Halo 5: Guardians Review – Masterful Multiplayer

Does the latest in Microsoft's flagship franchise deliver?

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When the Xbox One launched roughly two years ago, Microsoft’s all-in-one console did so without a brand new Halo game to generate interest and increase hardware sales. Notable exclusives like Sunset Overdrive and Forza Horizon 2 went on to strengthen the brand’s holiday 2014 lineup, while Halo: The Master Chief Collection suffered a wide array of technical issues and made fans weary of the franchise’s future.

With the long-awaited retail release of Halo 5: Guardians, 343 Industries and Microsoft are aiming to erase the past and create one of the best Halo games ever made. After spending extensive time with this title, I can conclude that they have succeeded in a creating a fantastic multiplayer game with a convoluted and discouraging storyline. Here are a few more reasons why Guardians may or may not appeal to you.

sparatan locke
Spartan Jameson Locke takes center stage in Halo 5: Guardians.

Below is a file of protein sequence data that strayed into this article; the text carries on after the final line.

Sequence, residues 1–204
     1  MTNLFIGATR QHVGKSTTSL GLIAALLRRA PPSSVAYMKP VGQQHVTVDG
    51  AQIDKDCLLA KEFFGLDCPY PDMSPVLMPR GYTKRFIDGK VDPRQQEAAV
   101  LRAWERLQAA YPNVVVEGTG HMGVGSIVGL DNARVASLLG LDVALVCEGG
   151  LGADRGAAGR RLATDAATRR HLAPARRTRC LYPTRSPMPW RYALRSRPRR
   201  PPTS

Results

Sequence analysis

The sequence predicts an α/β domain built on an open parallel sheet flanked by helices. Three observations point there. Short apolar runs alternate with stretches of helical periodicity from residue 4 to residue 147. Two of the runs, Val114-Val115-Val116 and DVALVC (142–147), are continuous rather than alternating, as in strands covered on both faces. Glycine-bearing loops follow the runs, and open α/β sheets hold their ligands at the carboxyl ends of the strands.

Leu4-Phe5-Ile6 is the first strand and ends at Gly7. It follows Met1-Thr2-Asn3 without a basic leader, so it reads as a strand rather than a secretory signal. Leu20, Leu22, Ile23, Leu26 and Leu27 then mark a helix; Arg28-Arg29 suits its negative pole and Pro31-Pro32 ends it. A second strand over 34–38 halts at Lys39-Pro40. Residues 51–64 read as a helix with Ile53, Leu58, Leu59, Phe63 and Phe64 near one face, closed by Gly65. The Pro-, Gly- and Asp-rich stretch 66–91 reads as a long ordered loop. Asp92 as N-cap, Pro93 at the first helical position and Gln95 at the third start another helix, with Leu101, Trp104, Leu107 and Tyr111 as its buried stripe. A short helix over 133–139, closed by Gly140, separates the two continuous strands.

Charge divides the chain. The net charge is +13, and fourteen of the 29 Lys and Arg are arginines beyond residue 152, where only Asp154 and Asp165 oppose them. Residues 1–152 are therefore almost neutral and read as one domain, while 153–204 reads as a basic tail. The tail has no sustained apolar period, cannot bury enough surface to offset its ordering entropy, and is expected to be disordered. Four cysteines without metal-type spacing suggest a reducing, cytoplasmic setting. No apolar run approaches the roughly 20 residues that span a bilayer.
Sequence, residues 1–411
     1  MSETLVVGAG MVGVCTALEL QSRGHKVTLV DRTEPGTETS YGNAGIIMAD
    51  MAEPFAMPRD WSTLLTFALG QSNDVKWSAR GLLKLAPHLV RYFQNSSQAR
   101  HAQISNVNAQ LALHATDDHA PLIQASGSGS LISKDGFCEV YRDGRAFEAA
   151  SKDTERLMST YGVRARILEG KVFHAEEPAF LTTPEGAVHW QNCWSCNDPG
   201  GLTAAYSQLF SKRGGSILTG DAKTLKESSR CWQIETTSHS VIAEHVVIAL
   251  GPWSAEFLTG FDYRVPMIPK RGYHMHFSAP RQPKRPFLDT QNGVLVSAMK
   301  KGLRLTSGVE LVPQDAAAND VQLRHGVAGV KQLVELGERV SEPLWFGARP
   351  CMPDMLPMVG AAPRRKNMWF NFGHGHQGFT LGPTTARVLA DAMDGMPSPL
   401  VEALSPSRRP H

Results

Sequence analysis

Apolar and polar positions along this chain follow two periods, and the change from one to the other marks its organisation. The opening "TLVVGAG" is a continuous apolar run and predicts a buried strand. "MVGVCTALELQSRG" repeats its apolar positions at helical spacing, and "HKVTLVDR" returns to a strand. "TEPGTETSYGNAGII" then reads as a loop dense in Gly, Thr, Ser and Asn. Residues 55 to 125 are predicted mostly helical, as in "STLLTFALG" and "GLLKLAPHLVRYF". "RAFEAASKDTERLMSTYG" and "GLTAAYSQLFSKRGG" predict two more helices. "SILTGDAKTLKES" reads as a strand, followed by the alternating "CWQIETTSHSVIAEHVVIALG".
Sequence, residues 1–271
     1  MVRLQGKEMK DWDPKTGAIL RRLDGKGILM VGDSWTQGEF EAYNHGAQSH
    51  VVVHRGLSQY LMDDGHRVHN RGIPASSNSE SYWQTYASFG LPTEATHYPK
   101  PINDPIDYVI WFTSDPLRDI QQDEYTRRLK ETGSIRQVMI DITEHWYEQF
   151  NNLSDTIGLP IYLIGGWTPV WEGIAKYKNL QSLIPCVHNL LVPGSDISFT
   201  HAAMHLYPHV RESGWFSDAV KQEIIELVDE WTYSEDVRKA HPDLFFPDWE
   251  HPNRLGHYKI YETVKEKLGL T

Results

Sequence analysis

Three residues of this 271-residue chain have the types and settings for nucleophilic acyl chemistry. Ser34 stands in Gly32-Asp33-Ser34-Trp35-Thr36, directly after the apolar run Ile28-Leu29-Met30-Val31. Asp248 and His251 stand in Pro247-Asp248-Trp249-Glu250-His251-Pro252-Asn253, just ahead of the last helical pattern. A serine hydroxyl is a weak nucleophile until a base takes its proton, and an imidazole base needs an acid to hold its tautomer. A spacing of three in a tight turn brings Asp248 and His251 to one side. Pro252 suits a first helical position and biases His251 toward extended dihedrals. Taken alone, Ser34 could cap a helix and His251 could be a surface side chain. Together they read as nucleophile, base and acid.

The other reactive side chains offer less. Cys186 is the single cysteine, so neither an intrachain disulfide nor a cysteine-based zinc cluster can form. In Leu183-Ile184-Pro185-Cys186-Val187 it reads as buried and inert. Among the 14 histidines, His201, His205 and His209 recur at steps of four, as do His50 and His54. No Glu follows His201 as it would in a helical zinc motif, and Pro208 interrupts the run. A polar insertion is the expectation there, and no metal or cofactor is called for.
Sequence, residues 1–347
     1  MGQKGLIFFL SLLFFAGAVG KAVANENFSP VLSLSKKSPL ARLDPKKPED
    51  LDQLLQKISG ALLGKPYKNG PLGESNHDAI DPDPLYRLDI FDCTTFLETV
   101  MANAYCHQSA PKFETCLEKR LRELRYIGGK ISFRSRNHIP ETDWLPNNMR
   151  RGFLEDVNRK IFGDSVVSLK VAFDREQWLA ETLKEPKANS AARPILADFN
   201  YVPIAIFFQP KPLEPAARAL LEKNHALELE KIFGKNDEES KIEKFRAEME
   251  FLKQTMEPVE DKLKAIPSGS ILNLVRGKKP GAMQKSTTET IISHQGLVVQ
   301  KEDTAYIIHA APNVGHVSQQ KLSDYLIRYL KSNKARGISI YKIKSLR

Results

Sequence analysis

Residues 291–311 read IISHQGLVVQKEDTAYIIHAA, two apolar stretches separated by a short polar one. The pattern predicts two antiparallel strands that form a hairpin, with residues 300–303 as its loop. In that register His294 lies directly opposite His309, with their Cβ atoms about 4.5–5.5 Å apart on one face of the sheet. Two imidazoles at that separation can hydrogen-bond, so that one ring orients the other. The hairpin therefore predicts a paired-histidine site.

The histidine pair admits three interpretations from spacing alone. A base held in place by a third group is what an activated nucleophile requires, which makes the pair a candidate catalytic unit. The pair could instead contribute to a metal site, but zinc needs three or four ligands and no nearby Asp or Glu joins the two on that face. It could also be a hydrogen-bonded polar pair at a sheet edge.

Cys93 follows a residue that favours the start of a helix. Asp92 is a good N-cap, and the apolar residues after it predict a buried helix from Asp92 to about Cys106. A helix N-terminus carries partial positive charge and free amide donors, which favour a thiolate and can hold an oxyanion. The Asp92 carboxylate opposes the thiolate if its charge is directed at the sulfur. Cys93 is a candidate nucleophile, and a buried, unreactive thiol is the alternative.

Halo 5: Guardians takes place directly after the events of the last game and revolve around a new threat designed to eradicate the entire galaxy. Still copping with the loss of Cortana, Master Chief receives a cryptic message from her while on a mission with his squadmates and breaks protocol by deciding to venture deep into the solar system to find her. Shortly thereafter, this captures the attention of the United Nations Space Command (UNSC) and they end up sending Spartan Jameson Locke and his Osiris Team unit to investigate the iconic hero’s whereabouts. The overall plot is similar to most generic science fiction based storylines, with a few twists and turns to keep the pace interesting from start to finish.